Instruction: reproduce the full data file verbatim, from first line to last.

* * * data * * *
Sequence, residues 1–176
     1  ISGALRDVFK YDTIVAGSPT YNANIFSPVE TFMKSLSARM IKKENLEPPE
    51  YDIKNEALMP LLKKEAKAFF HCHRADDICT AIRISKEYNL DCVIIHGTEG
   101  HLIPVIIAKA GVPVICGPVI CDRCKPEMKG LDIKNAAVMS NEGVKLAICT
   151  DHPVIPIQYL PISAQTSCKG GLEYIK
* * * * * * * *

Sequence, residues 1–176
     1  ISGALRDVFK YDTIVAGSPT YNANIFSPVE TFMKSLSARM IKKENLEPPE
    51  YDIKNEALMP LLKKEAKAFF HCHRADDICT AIRISKEYNL DCVIIHGTEG
   101  HLIPVIIAKA GVPVICGPVI CDRCKPEMKG LDIKNAAVMS NEGVKLAICT
   151  DHPVIPIQYL PISAQTSCKG GLEYIK